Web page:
Posted in Arts, Events, Tours and Classes | 6 Comments »

Totally Seine in Paris – Getting Around by Boat

As sunny days gain hold in Paris, an excellent, and somewhat secret, transportation alternative shines through. Linda Donahue, HiP Paris friend and founder of Parisien Salon, details a sun-and-scenery-filled metro substitute: Paris by boat!

View of the Seine - Erica BermanPhotos Erica Berman

A few years ago, during one of Paris’ notorious strikes, the metro and the buses were shut down for nearly a week. After a few days of going à pied, I realized I needed to figure out some alternative transportation to get across the city to the Marais. That’s when, after years of getting around Paris, I discovered the Batobus. It was a revelation.

Batobus Paris is a hop on, hop off shuttle service on the river, offering eight stops along both the left and right banks: Tour Eiffel, Musee d’Orsay, St-Germain-des-Pres, Notre Dame, Jardin des Plantes, Hôtel de Ville, Louvre and Champs-Elysees. You can buy a one-, two- or five-day pass that lets you get on and off the bus as many times during operating hours as you’d like. There are no guided commentaries offered, but it’s as good a way to sightsee as any other. Continue Reading »

Posted in Parisian Living | 1 Comment »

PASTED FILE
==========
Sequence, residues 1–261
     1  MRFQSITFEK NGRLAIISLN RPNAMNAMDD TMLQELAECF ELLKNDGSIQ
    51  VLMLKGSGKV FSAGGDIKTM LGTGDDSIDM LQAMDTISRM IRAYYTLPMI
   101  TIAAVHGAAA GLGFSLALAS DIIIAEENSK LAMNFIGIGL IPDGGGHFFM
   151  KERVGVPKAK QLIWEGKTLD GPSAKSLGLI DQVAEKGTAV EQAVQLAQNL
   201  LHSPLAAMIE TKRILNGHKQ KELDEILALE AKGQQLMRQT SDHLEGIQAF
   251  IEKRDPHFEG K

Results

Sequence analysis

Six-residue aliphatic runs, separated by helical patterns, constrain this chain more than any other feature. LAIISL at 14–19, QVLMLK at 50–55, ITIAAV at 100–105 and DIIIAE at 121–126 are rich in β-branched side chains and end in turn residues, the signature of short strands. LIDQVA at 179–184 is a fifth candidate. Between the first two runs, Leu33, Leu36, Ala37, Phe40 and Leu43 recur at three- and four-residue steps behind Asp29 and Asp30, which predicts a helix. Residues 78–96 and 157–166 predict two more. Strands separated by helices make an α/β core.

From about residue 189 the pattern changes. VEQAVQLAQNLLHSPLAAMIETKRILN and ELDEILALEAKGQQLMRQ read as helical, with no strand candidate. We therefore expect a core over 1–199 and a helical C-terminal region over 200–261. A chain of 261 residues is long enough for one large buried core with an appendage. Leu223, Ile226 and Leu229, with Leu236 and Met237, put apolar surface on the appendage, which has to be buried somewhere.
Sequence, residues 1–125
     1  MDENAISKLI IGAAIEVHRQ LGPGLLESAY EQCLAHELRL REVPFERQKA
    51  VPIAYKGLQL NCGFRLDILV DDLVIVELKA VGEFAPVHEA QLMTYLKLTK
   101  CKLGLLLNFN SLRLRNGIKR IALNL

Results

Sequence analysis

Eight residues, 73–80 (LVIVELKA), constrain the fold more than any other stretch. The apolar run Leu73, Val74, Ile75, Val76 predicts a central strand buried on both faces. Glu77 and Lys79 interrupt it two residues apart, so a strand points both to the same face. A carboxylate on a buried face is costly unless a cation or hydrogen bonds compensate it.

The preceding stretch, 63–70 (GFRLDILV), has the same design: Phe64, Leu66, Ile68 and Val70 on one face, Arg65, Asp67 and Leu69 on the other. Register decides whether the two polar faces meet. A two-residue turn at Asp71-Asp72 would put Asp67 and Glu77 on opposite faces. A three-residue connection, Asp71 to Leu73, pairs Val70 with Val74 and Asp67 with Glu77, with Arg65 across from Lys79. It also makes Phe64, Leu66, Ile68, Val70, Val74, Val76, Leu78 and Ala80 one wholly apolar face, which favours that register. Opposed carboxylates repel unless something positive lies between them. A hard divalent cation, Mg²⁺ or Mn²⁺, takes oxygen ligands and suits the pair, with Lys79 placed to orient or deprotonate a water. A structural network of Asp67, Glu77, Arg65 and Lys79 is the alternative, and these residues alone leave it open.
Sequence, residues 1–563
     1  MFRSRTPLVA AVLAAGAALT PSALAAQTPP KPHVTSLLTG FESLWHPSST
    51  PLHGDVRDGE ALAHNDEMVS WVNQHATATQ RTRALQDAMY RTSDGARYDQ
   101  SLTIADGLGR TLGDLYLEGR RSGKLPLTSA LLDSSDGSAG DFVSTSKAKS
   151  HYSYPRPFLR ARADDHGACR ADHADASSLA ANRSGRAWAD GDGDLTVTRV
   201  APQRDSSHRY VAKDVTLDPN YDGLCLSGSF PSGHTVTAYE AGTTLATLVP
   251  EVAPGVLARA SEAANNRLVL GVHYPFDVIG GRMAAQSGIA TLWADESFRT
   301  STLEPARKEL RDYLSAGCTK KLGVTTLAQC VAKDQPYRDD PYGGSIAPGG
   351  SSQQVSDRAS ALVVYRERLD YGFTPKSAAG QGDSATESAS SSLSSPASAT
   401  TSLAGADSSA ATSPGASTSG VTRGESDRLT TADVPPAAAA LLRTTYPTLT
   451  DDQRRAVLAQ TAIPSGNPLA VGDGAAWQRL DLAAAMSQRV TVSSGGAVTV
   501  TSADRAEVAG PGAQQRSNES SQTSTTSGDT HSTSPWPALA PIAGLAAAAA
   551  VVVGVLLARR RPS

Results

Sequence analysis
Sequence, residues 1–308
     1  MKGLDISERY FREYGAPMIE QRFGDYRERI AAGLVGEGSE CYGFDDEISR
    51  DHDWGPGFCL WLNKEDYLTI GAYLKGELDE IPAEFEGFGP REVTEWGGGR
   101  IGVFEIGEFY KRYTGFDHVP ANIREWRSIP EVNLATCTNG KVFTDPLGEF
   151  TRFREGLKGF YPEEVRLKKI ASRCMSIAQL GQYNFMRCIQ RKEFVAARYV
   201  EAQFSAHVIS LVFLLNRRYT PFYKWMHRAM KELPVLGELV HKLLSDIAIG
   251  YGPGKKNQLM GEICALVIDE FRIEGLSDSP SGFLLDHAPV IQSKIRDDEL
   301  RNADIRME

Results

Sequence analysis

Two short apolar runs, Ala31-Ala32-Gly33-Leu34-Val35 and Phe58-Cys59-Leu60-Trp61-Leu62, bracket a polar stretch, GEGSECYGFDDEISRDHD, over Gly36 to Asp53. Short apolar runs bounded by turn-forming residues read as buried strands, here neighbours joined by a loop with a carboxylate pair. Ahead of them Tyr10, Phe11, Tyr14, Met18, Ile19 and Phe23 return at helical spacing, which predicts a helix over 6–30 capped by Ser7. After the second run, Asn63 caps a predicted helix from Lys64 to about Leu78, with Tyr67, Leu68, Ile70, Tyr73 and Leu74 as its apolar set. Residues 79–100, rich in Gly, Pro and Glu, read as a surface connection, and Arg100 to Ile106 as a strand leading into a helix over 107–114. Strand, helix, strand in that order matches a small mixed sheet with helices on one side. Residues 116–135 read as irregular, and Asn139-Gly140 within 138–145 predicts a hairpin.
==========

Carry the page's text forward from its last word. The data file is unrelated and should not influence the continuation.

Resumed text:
A Paris Collage by Evan Robertson

Having lived in Paris, our friend Nichole and her husband Evan have serious skills when it comes to capturing the aesthetic details that make this city so gorgeous. For Christmas this year, Evan gave Nichole an illustration he had done of the main Rose Window at Notre Dame. One illustration led to others (in other colors), and Evan put together this awesome color-themed collage by integrating the illustrations with photos that he and Nichole have taken in Paris. We’re in love!






Photos by Evan Robertson

Written by Tory Hoen for the HiP Paris Blog. Looking for a fabulous vacation rental in Paris, Provence, or Tuscany? Check out Haven in Paris.

Posted in Arts, Events | 5 Comments »

Something for Everyone on Christmas Day in Paris

Ornaments
Ornaments at Christmas market. Photo: hotels-paris-rive-gauche.com

Text by Emma Haberman

With just a few more chocolates left in the advent calendar, it’s time to finalize those Christmas Day plans. If you’re not at home, there’s no better or more magical place to be on December 25th than the City of Light. Though national museums and many stores are closed, there are plenty of ways to take in the city and still celebrate the holiday season in style. A few suggestions for a very HiP Christmas: Continue Reading »

Posted in Events, Parisian Living | 3 Comments »

Exploring Paris’ Art & Architecture with Context Tours

a-gargoyle-on-notre-dame-catherdral-in-paris1Gargoyle on Notre Dame – www.photosfan.com

While Paris is the perfect city for aimless ambling, there is a time and a place for directed exploration. Earlier this summer, I had the pleasure of taking Context Tours’ “Art and Architecture of Gothic Paris” walk. While Context always keeps their tour groups small (usually 6 people max.), I was fortunate enough to have the tour all to myself, and—as is typical of Context tours— the docent was happy to customize the experience to my specific areas of interest. Continue Reading »

Posted in Arts, Events, Tours and Classes | 2 Comments »